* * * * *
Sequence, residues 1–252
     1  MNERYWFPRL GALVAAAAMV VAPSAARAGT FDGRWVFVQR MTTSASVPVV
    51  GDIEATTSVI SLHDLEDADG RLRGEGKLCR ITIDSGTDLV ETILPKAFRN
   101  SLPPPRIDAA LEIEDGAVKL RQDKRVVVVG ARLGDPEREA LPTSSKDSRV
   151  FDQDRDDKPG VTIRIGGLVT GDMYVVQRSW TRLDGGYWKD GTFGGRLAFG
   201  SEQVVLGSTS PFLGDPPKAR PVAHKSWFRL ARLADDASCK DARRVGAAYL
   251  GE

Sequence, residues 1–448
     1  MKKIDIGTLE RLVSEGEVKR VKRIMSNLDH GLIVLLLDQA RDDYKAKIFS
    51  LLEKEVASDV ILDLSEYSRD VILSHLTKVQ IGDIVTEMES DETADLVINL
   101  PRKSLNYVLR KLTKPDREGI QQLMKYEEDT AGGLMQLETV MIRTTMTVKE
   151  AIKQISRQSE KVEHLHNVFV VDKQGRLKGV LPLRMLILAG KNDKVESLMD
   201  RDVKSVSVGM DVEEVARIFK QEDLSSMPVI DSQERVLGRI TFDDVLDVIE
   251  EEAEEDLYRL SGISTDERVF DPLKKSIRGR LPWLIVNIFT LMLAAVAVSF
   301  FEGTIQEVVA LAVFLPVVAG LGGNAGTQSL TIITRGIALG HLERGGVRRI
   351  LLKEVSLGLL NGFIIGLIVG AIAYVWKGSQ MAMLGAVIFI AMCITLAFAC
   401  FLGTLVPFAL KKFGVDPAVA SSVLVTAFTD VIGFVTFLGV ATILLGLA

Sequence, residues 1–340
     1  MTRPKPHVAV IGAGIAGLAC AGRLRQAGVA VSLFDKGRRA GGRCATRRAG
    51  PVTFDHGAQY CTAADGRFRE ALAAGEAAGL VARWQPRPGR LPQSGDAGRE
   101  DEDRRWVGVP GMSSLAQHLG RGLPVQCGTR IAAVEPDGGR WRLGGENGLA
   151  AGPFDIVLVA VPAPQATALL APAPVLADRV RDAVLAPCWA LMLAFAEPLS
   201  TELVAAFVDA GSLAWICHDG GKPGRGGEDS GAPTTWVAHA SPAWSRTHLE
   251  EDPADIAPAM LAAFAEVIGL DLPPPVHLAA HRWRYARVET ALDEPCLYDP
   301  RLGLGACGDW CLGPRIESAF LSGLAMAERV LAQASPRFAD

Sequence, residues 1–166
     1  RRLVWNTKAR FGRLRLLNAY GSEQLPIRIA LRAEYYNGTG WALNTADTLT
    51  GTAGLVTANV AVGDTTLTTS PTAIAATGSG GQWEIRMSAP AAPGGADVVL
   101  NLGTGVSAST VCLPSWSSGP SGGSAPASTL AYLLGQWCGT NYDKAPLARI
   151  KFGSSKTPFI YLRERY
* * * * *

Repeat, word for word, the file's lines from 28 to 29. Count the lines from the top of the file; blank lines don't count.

    51  GTAGLVTANV AVGDTTLTTS PTAIAATGSG GQWEIRMSAP AAPGGADVVL
   101  NLGTGVSAST VCLPSWSSGP SGGSAPASTL AYLLGQWCGT NYDKAPLARI